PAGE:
We saw some small improvement in the job market. A recent survey conductive by Insight Performance and the Small Business Association of New England also indicates some positive signs of recovery:
69% of those companies being surveyed stated that 2010 was a better year than 2009.
78% predicted that 2011 will be even better than 2010.
38% plan to offer base pay raise.
58% plan to add staff.
93% plan to retain or increase staff level.
It is nice to hear some positive news, but good news also comes with new challenges. Companies need a long term sustainable plan to attract and retain the best human capitals. During recession, everyone operates with a minimum budget in a “leanest-possible” organization. Chances are companies may end up keeping their A players and laying off most C or B players. When the economy is bouncing back, more companies are hiring, which requires companies to pay more attention to their existing A players because these top performers may go work for a competitor for a better offer. Retention management becomes a big challenge. A base pay raise will certainly help in some degree. In addition, what other tactics can help companies keep their A players? How do those reward or recognition programs work? What role does open communication between top management and employees play in retention management? What other tactics can a company use in retention management?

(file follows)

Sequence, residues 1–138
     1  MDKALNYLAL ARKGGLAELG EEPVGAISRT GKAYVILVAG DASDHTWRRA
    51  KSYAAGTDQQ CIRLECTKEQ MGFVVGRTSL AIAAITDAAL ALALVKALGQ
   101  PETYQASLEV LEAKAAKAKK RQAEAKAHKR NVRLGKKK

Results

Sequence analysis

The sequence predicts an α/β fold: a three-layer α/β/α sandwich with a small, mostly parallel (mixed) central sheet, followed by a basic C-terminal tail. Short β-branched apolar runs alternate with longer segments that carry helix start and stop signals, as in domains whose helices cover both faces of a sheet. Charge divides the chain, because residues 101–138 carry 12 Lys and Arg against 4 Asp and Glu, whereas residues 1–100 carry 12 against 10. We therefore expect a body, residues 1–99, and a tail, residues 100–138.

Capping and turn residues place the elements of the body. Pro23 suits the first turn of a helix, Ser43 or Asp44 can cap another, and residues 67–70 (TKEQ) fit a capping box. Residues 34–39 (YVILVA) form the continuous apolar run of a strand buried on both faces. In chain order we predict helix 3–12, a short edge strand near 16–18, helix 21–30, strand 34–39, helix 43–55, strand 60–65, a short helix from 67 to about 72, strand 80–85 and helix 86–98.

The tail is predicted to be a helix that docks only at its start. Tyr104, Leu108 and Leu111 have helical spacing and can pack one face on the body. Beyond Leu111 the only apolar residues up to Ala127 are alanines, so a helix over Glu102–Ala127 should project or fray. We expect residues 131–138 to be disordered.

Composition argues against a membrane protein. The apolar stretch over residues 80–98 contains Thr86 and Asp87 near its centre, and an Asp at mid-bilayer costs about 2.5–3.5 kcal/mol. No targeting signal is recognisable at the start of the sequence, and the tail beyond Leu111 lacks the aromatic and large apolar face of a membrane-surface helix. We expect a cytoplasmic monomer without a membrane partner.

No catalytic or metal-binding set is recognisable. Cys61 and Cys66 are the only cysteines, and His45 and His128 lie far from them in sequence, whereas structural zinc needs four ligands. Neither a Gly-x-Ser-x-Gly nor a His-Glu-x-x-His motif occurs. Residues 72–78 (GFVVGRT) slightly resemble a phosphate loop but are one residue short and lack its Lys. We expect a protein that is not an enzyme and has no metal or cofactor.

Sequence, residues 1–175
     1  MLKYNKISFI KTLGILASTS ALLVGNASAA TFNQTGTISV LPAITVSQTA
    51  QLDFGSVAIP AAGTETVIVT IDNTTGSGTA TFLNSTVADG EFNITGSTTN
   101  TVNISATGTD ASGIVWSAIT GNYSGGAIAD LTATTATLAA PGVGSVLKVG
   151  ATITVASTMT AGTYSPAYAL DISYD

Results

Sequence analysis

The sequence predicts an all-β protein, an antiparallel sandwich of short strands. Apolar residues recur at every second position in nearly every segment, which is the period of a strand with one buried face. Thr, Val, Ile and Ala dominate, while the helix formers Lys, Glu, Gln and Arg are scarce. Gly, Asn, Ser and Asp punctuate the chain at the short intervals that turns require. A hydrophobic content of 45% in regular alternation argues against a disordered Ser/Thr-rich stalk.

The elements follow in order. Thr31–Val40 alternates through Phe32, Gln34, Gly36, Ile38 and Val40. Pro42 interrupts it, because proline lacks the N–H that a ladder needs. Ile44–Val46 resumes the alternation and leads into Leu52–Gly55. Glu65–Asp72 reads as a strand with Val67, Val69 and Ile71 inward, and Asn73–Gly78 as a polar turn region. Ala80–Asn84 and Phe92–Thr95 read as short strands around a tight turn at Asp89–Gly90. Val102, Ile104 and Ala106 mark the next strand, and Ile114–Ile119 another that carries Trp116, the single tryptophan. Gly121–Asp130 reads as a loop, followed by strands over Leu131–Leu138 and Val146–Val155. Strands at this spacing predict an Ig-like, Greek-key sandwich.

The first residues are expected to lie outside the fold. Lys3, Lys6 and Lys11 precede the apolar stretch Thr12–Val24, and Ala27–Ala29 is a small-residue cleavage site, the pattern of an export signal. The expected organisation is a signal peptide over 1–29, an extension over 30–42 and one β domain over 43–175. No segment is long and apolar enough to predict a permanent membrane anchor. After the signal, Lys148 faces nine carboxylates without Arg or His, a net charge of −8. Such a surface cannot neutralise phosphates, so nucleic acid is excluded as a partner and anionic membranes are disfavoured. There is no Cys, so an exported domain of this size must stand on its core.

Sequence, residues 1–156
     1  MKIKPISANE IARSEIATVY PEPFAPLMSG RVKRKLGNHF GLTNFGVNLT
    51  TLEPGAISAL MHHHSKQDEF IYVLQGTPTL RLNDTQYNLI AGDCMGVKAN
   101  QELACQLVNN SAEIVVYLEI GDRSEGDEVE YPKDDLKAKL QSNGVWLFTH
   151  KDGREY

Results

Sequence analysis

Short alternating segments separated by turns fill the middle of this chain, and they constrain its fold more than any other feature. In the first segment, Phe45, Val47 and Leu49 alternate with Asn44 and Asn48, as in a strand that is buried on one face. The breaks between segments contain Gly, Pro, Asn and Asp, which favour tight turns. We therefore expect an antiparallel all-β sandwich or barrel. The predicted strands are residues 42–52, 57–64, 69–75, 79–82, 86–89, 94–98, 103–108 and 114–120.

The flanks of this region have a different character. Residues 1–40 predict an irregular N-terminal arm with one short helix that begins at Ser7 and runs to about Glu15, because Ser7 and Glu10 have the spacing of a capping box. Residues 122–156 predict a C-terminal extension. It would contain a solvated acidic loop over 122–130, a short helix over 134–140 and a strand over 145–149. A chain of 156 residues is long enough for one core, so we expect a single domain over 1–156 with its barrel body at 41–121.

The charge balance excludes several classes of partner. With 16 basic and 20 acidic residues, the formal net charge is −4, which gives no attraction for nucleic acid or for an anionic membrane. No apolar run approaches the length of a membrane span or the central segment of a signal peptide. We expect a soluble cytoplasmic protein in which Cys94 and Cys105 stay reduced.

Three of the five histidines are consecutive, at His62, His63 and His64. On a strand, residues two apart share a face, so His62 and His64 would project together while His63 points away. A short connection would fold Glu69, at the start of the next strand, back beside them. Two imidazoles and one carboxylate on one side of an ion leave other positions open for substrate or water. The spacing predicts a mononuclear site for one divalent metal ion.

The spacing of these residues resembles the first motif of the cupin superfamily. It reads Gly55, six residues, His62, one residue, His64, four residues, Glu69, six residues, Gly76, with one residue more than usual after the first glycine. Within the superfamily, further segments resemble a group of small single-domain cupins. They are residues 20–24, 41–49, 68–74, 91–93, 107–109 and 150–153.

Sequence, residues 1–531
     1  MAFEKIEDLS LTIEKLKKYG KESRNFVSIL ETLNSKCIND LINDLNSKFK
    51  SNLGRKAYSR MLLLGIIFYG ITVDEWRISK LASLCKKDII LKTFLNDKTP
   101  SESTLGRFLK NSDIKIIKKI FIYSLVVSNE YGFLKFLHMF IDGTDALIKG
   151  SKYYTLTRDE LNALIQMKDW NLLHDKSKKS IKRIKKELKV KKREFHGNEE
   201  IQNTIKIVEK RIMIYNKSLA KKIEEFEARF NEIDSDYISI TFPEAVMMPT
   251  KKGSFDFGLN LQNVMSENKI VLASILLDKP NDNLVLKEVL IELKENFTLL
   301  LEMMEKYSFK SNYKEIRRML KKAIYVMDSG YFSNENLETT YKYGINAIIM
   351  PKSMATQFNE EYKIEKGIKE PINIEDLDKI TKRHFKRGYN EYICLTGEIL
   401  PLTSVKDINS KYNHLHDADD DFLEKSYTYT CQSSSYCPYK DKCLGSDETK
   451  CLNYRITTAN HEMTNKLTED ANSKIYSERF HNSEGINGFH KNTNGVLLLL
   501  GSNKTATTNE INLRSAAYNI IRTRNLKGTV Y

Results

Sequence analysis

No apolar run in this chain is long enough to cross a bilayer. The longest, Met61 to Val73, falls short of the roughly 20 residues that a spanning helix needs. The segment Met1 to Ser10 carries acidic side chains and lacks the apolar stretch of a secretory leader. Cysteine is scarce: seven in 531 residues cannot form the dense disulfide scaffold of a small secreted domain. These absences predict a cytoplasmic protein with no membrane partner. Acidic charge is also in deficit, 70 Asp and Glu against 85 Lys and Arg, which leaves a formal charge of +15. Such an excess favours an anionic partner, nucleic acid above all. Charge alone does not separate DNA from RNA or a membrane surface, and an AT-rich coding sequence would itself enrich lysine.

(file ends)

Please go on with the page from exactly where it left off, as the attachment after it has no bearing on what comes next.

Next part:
Another possible challenge is to manage employee relationships. Imagine that a company just laid off some A players’ “close friends” or “buddies” half a year ago but is now hiring new employees, what may those tenured associates feel about the company and the new hires? What can a company do to address this potential issue of employee relationships?
Mobley, N. (2011, January 7). 2011 human resource small business outlook. Inc.com. Retrieved February 12, 2011 from http://t.co/wGb51y4
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